BRIVE-LA-GAILLARDE, France (AFP) — Fränk Schleck is facing a possible suspension after his B sample confirmed a positive test for a banned diuretic.
Schleck, who finished third in the 2011 Tour de France, quit this year’s race in disgrace Tuesday after the UCI said he had tested positive for xipamide.
Although Schleck has proclaimed his innocence and said he will fight to find out how the substance got into his system, the UCI has asked his federation to take disciplinary action against the rider.
“In accordance with the anti-doping rules, the UCI will request the Luxembourg Federation opens a disciplinary procedure against the rider,” said a UCI statement.
Although under UCI rules the 32-year-old could have continued in the race, his embattled RadioShack team sent him home on the second rest day.
Diuretics are not considered performance-enhancing but can be used to help riders lose weight and therefore perform better in the tough mountain stages of the race. They can also conceal the presence of a banned drug by helping to flush it from the body through increased urination. Xipamide is normally used for the treatment of edema and hypertension.
After witnessing the analysis at the laboratory in Chatenay-Malabry, France, Schleck said: “The result of the counter test was positive but for me nothing changes: I just know that I did nothing wrong! I will therefore continue my search to find out how the substance could have entered my body.
“At the moment we are analyzing minute by minute what exactly I have been doing, eating, drinking on the days before the control and on July 14 itself, who I met, what materials I came in contact with, what nutritional supplements I took.”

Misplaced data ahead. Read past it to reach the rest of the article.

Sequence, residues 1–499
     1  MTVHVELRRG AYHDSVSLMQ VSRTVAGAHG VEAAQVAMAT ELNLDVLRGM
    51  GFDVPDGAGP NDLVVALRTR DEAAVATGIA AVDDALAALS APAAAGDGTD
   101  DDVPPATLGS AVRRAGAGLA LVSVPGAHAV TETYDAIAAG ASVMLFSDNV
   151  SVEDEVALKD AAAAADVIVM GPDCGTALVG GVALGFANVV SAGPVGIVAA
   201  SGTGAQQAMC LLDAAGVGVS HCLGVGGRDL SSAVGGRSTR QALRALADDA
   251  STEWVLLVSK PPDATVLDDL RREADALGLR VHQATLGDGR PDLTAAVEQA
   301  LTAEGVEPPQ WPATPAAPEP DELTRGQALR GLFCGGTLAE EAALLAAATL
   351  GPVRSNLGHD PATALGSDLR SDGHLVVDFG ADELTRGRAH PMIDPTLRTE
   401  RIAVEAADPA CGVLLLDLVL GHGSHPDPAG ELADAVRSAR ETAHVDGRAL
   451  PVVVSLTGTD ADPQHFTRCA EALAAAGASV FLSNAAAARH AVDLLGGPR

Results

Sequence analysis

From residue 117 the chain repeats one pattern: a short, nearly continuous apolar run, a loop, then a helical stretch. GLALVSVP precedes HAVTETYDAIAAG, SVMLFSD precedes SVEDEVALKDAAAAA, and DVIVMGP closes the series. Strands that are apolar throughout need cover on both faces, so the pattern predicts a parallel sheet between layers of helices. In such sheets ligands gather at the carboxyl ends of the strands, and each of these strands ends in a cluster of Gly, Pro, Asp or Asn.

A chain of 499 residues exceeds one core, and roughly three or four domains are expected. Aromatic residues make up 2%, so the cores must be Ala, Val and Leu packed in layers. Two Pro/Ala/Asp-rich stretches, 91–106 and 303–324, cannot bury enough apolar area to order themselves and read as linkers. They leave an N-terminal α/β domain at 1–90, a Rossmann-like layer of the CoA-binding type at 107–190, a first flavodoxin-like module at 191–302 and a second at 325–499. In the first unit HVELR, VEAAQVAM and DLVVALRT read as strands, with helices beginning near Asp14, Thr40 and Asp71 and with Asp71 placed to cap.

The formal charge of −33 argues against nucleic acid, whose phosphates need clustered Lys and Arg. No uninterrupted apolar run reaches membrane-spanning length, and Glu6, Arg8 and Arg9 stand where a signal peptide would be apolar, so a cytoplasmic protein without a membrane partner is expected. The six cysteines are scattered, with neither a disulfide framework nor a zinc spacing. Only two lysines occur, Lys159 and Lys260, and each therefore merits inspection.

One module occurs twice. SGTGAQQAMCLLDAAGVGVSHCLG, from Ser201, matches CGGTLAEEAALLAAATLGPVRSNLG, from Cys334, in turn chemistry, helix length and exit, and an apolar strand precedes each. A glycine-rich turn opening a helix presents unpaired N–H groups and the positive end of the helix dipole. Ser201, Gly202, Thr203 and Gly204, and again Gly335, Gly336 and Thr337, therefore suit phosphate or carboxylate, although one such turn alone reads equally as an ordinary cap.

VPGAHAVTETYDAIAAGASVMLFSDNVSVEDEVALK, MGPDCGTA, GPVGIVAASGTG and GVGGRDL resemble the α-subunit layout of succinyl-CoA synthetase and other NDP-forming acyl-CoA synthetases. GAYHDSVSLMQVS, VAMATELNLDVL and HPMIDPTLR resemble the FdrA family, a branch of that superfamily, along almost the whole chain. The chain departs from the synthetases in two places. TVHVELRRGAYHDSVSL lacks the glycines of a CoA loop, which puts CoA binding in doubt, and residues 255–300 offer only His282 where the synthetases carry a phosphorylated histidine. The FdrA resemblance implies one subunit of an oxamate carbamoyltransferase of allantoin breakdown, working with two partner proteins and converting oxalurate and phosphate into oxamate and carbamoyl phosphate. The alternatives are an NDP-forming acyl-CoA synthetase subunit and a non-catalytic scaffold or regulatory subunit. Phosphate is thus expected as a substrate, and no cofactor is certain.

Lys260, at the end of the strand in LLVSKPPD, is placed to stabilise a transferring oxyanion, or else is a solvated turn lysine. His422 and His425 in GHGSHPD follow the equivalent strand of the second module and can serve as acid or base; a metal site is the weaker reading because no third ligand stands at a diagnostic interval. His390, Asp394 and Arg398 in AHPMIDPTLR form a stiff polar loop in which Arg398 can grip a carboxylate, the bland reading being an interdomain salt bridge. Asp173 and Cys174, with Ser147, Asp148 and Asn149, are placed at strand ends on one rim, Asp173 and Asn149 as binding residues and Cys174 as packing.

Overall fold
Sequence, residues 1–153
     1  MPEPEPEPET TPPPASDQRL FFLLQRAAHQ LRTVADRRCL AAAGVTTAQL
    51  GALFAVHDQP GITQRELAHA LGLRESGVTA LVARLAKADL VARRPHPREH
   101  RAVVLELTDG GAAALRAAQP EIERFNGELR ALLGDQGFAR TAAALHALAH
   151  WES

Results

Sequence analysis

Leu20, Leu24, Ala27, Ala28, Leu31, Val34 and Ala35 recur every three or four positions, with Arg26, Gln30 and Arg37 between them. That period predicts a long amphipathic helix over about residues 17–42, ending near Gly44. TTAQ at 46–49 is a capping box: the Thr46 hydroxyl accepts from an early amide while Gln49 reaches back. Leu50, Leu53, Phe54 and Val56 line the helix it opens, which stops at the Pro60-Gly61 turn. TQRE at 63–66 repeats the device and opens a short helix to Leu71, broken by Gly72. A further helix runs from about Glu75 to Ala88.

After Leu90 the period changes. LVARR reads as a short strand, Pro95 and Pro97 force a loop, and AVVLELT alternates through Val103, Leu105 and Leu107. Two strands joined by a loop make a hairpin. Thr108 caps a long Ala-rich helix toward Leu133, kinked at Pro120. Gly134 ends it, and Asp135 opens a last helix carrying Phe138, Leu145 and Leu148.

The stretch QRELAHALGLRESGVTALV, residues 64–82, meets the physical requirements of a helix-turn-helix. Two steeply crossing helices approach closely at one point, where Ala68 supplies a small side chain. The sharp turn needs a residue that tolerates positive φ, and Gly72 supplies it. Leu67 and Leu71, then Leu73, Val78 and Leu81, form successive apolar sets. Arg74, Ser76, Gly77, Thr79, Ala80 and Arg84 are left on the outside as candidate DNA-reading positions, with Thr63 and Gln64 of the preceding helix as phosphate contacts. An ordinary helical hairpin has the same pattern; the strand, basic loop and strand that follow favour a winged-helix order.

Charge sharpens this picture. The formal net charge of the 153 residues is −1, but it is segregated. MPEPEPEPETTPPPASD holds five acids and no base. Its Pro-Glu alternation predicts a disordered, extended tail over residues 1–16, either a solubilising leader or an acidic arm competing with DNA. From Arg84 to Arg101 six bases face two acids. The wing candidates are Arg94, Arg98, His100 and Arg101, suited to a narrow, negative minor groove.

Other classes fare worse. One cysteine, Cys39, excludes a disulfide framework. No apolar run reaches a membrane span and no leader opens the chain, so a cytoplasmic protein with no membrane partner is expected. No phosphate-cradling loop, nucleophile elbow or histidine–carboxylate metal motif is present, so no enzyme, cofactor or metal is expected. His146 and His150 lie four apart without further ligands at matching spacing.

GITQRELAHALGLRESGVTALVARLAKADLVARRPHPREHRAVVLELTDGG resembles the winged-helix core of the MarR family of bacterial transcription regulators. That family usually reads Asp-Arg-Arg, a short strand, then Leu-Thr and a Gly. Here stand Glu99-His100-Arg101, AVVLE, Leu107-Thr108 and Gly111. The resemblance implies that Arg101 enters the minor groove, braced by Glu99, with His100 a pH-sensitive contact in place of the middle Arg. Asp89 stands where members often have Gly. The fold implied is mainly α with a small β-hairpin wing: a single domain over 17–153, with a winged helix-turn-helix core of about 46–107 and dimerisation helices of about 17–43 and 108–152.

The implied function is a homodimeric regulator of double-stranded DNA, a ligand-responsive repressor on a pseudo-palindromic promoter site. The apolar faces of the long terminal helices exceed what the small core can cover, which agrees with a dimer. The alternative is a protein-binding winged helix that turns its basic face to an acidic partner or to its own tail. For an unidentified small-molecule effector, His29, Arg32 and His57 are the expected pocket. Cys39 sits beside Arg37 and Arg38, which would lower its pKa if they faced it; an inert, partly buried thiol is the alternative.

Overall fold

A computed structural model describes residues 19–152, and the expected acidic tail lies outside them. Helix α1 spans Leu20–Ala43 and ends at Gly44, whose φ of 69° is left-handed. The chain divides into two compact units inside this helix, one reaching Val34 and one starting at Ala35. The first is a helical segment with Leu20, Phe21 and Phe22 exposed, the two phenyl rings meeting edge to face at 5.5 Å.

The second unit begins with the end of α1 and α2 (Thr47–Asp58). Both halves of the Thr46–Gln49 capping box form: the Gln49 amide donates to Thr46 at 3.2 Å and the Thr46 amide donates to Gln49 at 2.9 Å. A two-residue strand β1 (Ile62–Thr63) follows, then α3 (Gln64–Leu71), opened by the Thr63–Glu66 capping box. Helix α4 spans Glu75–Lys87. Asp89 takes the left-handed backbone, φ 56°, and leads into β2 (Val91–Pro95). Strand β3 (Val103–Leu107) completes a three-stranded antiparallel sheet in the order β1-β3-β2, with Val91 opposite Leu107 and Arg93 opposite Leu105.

Because Xipamide falls into a special category of substances under the World Anti-Doping Code called “specified substances,” Schleck has a chance to prove his innocence.
The code states that if an athlete can establish that the use of a specified substance was not intended to enhance sport performance, a first violation can draw anything from a reprimand to a one-year ban. A second violation would bring a two-year ban, while a third violation would incur a lifetime ban.
Schleck’s statement added: “The medical world states that this product, when performing in extreme conditions such as in a cycling tour, is very dangerous; it can even cause death.
“Therefore I really need to find out how this product ended up in my system: Since I didn’t take anything, I assume it must have been given to me by someone, or it could have happened through an accidental contamination, or it could be caused by something that is not yet known to me since we are still undertaking a number of analyses.”